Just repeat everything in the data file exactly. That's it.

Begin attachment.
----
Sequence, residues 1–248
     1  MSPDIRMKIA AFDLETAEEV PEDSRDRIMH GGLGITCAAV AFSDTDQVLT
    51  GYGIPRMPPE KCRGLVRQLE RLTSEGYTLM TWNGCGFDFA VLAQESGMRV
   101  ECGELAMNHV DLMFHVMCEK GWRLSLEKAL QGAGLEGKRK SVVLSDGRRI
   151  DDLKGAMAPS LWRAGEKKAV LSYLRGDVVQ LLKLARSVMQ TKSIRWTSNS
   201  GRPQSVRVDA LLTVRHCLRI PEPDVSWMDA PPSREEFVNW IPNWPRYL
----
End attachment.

Sequence, residues 1–248
     1  MSPDIRMKIA AFDLETAEEV PEDSRDRIMH GGLGITCAAV AFSDTDQVLT
    51  GYGIPRMPPE KCRGLVRQLE RLTSEGYTLM TWNGCGFDFA VLAQESGMRV
   101  ECGELAMNHV DLMFHVMCEK GWRLSLEKAL QGAGLEGKRK SVVLSDGRRI
   151  DDLKGAMAPS LWRAGEKKAV LSYLRGDVVQ LLKLARSVMQ TKSIRWTSNS
   201  GRPQSVRVDA LLTVRHCLRI PEPDVSWMDA PPSREEFVNW IPNWPRYL